Other things I miss about that house are the changes that I made to the inside. One year, my dad gave me a circular saw for Christmas. A carpenter by trade, my dad has an appreciation for good tools and since I am a Daddy’s girl and notorious do-it-yourselfer, it was a thoughtful and practical gift. That was the beginning of my adventures in remodeling.
I started in the garage, building cabinets for storage. Then we gutted a bathroom and rebuilt it from the ground up. I refaced the fireplace and added shelves and a new mantle. The kitchen got a facelift with new cabinet doors and flooring. The cabinets and book cases that I built in the master bedroom are the things that I miss the most—and the woodworking endeavors that I’m most proud of. There is a little jewelry cabinet built into wall on the left side of the mirror. It has velvet lined drawers for rings and inside a door, a fixture for hanging necklaces and earrings. There is even a secret compartment for hidden treasures! I had so much fun designing and building those cabinets. Art and power tools played a big part in that experience.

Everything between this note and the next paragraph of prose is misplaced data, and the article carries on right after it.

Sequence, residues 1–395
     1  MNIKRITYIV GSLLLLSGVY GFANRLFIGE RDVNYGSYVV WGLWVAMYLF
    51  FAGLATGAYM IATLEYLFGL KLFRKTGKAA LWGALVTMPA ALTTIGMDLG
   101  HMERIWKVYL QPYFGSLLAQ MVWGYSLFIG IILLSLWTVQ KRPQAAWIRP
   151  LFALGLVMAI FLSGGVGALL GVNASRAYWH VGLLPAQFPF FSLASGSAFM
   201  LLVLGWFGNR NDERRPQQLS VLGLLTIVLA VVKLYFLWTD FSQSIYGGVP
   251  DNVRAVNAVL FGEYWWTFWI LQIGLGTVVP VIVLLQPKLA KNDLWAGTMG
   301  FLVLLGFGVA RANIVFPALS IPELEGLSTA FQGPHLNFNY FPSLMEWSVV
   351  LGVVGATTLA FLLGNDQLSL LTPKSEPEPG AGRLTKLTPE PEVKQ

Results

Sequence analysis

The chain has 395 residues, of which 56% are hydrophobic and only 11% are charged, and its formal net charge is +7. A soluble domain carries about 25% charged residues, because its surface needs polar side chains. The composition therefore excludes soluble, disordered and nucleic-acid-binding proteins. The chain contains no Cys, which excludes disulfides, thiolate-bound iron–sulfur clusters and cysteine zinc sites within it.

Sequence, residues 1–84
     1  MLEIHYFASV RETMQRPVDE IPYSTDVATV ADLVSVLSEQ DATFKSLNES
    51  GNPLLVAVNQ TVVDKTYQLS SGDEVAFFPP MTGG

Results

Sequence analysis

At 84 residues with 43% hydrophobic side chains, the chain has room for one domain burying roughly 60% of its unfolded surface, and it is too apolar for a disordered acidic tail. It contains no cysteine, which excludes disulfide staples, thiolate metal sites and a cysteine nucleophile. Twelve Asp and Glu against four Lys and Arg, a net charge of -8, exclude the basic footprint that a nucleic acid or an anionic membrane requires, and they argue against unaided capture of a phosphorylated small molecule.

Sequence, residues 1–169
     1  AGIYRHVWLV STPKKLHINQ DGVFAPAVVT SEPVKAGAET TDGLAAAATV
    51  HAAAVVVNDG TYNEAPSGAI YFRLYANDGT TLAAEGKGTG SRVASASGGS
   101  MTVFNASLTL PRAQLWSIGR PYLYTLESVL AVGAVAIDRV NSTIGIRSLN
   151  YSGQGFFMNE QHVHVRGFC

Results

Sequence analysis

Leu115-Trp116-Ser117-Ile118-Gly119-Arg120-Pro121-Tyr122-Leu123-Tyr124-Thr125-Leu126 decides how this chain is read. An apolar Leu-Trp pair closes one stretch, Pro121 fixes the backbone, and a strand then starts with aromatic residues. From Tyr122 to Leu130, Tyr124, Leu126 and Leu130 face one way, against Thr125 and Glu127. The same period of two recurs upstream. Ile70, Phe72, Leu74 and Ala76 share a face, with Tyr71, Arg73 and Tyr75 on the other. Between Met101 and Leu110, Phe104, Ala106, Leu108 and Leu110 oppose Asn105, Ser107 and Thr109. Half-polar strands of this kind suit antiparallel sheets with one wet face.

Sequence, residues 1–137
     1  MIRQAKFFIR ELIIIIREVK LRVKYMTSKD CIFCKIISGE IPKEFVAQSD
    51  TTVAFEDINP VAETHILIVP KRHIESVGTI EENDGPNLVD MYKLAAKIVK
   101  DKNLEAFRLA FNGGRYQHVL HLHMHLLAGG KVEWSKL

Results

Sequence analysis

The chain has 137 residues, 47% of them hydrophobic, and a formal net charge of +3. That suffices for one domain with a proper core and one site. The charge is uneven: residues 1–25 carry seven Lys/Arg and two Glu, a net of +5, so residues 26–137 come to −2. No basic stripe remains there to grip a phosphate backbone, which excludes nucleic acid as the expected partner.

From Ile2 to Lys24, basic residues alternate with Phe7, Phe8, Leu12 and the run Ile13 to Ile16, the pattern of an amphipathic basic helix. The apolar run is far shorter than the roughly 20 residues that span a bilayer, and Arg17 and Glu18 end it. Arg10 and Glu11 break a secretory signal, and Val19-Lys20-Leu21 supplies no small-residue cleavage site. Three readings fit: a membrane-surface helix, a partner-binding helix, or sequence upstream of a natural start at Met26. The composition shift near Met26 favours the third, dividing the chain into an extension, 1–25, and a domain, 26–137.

When we moved to a bigger house on half an acre in a pine and oak forest, gardening and woodworking became activities of the past. When I planted roses, the deer ate them. When I switched to deer resistant plants, the deer ate them. I tackled a few building projects—created a laundry room lined with tile and cabinets and replaced a 17 x 30’ deck. Then, in 2000, my interests took a radical right turn. I discovered belly dancing.
Looking for a new, fun way to exercise, around the beginning of the year 2000, I tried tap dancing, belly dancing and Tai Chi. From the first class, belly dancing was it. Not only did I love the music and the costumes and the body movements, for the first time in my life, I began to appreciate how awesome it is to be a woman.
Through this dance form, I felt connected to an infinite procession of women back through time who are strong and resilient, caring and patient, nurturing and sensitive, creative and cooperative. This was a new and welcome awareness for me.
My continuing desire to build things found a new outlet in costume design and construction. How wonderful it was to combine texture and color and sparkle to express a mood.